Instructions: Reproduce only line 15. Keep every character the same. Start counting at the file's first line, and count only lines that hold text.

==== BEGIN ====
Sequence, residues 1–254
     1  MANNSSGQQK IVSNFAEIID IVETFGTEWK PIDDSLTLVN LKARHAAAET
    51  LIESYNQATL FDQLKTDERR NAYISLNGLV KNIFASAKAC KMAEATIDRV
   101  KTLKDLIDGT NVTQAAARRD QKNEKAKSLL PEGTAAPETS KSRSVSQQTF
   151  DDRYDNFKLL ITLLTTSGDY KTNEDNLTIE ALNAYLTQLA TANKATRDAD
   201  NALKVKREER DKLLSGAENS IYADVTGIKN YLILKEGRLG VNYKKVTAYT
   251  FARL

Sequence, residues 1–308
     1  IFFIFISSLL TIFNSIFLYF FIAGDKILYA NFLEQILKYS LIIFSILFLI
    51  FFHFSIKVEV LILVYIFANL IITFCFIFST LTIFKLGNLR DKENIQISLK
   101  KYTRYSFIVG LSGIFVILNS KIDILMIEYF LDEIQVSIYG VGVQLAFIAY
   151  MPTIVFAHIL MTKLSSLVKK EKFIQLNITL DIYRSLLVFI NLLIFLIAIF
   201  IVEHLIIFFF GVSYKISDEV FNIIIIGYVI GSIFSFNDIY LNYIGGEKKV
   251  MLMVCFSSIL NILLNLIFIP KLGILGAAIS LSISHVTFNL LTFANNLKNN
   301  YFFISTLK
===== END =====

   301  YFFISTLK